Closing Address to
OECD/IOPS Global Forum on Private Pensions
3 November 2010
Good afternoon and thank you for that kind introduction.
I'd also like to thank John Laker and Ross Jones for inviting me to address this forum and congratulate APRA for hosting what I understand has been a very productive few days of discussions on pension reform.
Can I say here at the conclusion of the conference - and formally on behalf of the Australian Government – I do very much hope you have enjoyed your time here. You are very welcome guests in our country.
I understand that the Melbourne Cup, which is the horse race that stops the nation, briefly stopped the conference yesterday as well.
The question that you have been deliberating upon, the question of how we can provide a safe and secure retirement for our citizens – this question is a universal one.
In 1963 President Kennedy famously and eloquently spoke of our mortality and how we all cherish our children's future.
I believe President Kennedy's reflections ring true across half a century from the greatest generation, after World War II, to their children and grandchildren who were back then not even a twinkle in the Tennessee or Sydney skies.
And I am sure each and every one of us in this room today would happily agree that our children's future, which we cherish passionately, includes their retirement many years from now.
So retirement – and attaining comfortable retirement, happy retirement, active and healthy retirement – it's a question for us all to think deeply about. And think about in the context of a changing – and today a longer living – world.
The universality of the secure retirement question - or how adequate retirement means are to be achieved - is reflected in the breadth of nations present at this Forum.
Today, I want to speak briefly of the past, and also speak a little about the current state of economic circumstances we have here Down Under.
But mostly of course I want to talk about the future. For it's the future that we are ultimately all about.
As we move forward into the 21st Century, private pensions, or superannuation as we say here, will play an increasingly important role in the strength and resilience of the Australian economy.
We have emerged from the global financial crisis in a stronger position than any other advanced economy. And we as a Government, and a nation, are obviously very proud of this.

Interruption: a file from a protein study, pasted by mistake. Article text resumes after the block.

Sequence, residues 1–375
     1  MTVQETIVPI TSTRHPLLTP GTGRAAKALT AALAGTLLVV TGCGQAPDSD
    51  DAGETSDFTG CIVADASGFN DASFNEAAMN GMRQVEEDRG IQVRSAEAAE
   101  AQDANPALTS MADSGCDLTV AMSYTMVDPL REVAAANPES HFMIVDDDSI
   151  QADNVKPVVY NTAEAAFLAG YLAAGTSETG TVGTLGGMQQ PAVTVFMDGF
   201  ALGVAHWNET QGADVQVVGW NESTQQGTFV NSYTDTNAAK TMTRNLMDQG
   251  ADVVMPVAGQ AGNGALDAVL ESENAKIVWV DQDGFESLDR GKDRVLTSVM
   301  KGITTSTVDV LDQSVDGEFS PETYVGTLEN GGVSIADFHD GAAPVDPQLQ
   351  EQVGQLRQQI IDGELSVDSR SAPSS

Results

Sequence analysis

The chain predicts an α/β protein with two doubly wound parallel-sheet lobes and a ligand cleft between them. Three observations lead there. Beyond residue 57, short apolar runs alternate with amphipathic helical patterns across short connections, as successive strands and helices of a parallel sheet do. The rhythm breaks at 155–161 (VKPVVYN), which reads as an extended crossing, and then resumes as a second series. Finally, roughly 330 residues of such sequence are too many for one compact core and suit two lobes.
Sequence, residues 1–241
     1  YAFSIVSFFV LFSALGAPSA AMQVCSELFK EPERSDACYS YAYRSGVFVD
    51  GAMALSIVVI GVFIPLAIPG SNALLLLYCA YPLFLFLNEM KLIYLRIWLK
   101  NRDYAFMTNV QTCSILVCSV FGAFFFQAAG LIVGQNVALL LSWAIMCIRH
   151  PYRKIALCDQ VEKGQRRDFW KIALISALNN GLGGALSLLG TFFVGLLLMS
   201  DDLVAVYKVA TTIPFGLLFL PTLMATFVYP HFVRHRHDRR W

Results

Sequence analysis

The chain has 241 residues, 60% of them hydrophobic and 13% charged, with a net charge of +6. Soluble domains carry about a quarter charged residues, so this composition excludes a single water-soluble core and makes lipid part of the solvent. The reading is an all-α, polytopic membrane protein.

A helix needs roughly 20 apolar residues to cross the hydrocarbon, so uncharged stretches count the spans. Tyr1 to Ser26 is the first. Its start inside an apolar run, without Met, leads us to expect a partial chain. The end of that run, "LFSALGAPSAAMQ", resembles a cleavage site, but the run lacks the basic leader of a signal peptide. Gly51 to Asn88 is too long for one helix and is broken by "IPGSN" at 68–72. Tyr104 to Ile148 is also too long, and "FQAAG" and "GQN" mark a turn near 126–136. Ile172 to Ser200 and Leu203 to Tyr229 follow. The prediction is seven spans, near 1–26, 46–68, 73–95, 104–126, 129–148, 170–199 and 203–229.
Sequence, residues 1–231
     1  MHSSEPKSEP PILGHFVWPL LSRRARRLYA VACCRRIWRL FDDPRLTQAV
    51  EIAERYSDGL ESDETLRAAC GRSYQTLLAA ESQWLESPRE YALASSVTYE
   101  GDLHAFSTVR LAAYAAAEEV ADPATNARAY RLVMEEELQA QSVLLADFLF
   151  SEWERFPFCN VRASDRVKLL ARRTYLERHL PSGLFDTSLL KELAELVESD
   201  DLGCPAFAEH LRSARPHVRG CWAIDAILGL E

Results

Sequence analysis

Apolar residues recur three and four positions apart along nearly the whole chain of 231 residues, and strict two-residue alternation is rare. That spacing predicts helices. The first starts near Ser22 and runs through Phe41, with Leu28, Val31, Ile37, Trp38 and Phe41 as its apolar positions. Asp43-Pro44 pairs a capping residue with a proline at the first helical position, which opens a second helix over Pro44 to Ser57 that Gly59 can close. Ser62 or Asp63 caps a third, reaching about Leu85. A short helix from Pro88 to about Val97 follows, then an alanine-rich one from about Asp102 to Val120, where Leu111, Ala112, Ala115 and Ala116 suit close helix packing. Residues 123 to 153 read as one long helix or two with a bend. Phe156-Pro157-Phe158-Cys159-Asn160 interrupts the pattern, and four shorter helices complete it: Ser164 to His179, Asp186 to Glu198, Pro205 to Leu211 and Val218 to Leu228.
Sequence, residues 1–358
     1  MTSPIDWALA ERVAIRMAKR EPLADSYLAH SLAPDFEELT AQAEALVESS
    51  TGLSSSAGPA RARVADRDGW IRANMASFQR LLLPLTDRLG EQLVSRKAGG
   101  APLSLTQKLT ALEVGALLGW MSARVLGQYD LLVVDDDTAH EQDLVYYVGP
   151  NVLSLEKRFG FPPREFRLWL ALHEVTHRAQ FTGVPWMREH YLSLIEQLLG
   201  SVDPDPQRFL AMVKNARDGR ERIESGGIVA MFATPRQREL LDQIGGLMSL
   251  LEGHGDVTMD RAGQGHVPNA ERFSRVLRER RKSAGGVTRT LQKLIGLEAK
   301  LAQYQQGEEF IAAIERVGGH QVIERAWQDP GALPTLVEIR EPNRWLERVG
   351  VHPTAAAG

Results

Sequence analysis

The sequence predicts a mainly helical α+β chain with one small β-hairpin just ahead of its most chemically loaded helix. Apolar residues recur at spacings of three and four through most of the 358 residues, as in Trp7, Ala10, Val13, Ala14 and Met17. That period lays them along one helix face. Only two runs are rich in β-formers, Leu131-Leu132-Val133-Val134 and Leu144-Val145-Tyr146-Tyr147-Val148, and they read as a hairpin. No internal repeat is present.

Three and a half years ago, Australia and the United States both had the same low unemployment rate.
Today, Australia's unemployment rate stands at 5.1 percent, compared with 9.6 percent in the US.
And Australia's net debt levels are a fraction of the levels seen in other advanced economies. Australian government net debt will peak at just 6 percent of GDP in 2011‑12.
Compare that with the collective government net debt of major advanced economies, which is expected to hit 90 per cent of their GDP in 2015.
Australia's impressive performance is due to several factors — the quality of our regulation, the strength of our banking system, the swift response of the Reserve Bank in cutting interest rates, the
Government's fiscal stimulus package and our strong ties to the rapidly growing Asian region triggering demand for our commodities.
Our success is also due to the hard work we put in before the crisis, the decades of economic reform.
Including reforms to our superannuation system which allowed us to build up a massive pool of savings.
Australia now has $1.2 trillion invested in superannuation.
Those funds supplement our need for us to rely on more foreign borrowing.
That national savings pool also allowed Australian companies to raise significant amounts of capital during the crisis and has helped our local financial services industry grow.
Another reason for Australia's resilience throughout the financial crisis is that we have some of the world's best prudential regulation.
I am tremendously pleased that we have such an internationally esteemed group of professionals here today, because I have no hesitation in saying our regulators are amongst the best in the world.
The Australian Prudential Regulation Authority has ensured the strength and of our banks and financial services sector. And the Australian Securities and Investments Commission, with the support of government, has been busier than ever over the past few years.